There are a lot of kudos to go around after Monday night’s city council meeting and discussion about dog attacks and vicious dog ordinances.
The council did its part by inviting the public to speak out, and by listening when they did. Citizens did their part by engaging with the council and letting them know what they thought should be done.
That is how responsive, representative government is supposed to work.
But no one should be under the illusion — councilor or citizen — that the actions taken Monday night constitute a complete resolution of the matter. The streamlining of the animal control ordinances that occurred Monday would have been sorely needed 10, 15 or 20 years ago.
But times have changed. An objective review of animal control issues in the City of Newton over the last several years show there is a growing problem with agressive breeds of dogs — and not just any specific breed — that continues to get more dangerous to the public with each passing year.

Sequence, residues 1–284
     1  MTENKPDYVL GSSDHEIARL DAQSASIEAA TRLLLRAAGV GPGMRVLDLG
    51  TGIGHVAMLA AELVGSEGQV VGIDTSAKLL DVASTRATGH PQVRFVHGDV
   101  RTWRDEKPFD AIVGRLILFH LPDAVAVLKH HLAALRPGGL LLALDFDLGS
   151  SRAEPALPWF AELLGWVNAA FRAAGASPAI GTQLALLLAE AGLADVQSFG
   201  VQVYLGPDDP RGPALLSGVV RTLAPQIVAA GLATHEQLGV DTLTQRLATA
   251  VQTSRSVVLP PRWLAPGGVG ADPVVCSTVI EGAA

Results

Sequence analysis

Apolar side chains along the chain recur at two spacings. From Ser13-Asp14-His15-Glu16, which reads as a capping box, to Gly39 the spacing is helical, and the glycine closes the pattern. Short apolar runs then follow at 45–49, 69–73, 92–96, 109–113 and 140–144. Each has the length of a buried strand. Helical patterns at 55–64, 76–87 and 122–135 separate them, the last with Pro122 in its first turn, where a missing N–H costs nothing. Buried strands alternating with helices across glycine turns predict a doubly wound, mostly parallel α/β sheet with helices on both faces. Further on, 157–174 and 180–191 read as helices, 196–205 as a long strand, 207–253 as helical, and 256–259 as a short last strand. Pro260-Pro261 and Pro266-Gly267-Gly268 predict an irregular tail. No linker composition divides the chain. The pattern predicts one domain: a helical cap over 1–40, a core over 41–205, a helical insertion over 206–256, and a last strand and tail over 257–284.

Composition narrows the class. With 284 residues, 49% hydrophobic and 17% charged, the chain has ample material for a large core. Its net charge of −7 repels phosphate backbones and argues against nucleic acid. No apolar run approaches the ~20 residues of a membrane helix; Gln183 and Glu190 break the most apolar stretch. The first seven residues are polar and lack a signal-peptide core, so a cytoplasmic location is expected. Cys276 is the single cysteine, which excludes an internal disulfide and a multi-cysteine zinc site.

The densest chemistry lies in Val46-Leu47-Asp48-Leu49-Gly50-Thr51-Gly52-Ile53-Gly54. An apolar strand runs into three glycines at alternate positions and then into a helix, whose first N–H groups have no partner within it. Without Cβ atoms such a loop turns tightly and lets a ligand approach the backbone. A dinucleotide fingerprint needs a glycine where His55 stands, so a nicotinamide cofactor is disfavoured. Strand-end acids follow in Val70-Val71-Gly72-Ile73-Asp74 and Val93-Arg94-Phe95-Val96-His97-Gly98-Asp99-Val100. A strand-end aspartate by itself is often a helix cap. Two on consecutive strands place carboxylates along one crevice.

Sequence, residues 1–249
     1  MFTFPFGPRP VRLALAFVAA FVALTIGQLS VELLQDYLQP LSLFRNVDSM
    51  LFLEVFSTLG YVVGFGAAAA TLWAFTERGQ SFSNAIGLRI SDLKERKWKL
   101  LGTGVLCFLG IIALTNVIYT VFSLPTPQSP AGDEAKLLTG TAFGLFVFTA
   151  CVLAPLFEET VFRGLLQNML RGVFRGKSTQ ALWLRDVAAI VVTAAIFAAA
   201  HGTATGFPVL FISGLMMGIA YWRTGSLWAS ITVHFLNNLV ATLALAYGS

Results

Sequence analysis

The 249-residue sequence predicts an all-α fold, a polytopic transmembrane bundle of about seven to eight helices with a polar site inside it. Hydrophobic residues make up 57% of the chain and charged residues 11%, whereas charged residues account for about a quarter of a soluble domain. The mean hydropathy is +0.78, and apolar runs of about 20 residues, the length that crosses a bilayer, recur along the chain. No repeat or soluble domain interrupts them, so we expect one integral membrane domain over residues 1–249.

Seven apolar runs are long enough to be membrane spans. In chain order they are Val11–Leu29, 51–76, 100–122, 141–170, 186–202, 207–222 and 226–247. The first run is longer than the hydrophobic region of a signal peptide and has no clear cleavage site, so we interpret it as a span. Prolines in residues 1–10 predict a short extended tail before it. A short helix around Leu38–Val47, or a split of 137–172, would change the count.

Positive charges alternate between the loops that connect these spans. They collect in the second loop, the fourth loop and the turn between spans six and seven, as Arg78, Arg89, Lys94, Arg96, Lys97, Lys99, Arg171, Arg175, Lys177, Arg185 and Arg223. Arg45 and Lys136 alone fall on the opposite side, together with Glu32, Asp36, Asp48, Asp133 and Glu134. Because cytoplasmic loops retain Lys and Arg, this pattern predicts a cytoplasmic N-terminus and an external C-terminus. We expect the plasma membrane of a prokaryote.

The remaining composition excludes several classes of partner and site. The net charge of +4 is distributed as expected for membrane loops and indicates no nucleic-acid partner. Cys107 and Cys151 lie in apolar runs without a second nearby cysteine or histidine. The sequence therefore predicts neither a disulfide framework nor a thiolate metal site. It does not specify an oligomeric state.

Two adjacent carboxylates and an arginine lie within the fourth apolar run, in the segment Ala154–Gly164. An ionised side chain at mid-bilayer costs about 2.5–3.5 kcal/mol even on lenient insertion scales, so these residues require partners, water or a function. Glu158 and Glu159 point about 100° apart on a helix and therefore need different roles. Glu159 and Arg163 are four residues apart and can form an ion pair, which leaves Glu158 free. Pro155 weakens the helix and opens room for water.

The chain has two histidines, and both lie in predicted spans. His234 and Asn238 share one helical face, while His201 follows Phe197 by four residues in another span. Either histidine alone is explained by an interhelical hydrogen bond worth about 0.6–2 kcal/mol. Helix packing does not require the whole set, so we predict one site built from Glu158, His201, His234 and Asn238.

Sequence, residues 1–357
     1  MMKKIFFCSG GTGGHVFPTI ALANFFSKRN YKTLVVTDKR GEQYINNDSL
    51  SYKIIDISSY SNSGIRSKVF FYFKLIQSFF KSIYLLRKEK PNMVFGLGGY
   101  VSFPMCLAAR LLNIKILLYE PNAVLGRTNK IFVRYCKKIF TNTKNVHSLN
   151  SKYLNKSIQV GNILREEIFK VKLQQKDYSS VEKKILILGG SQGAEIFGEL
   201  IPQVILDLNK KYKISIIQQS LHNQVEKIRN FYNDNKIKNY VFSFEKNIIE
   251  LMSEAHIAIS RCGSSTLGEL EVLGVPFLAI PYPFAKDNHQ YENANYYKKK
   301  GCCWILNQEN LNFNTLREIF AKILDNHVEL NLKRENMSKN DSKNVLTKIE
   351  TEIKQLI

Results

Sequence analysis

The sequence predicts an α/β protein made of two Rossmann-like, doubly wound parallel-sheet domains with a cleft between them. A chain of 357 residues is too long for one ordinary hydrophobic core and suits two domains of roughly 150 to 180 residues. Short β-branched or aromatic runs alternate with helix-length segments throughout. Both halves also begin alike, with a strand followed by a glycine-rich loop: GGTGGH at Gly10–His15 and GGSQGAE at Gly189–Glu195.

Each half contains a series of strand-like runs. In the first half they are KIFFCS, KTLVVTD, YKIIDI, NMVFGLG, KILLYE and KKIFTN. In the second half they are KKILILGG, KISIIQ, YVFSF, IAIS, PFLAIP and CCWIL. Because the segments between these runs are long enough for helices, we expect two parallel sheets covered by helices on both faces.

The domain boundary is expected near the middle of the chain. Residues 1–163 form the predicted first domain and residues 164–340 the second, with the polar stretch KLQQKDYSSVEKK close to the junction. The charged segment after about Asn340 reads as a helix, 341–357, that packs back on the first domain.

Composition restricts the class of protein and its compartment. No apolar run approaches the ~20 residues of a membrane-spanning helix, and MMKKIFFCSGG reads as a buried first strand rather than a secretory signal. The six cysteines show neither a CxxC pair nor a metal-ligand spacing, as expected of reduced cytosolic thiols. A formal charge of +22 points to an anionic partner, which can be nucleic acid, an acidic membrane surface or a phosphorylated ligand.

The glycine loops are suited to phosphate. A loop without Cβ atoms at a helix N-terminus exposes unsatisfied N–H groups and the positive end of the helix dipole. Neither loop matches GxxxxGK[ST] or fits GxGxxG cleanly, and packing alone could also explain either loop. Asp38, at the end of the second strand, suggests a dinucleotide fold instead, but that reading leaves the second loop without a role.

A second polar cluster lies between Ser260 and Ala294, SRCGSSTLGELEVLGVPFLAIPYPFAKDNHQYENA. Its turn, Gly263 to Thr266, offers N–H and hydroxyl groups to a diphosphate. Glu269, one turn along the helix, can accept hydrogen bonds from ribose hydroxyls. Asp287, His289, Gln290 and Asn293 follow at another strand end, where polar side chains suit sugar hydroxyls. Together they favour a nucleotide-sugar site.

The primary responsibility of government is to promote and protect public safety. Any action taken with regard to the issue of aggressive dogs in our community should start with one simple question: “Does this prevent the next dog attack, or make it less likely to happen?”
Sadly, with regard to action taken Monday night, the answer is a resounding “no.”
At the very least, there should be a mechanism of identifying vicious dogs before they attack, and for ensuring they are muzzled when out in public and that their owners take appropriate precautions — for example, adequate kennels and fencing — to ensure the public’s safety. Anything less is merely kicking the can down the road until the next tragedy occurs.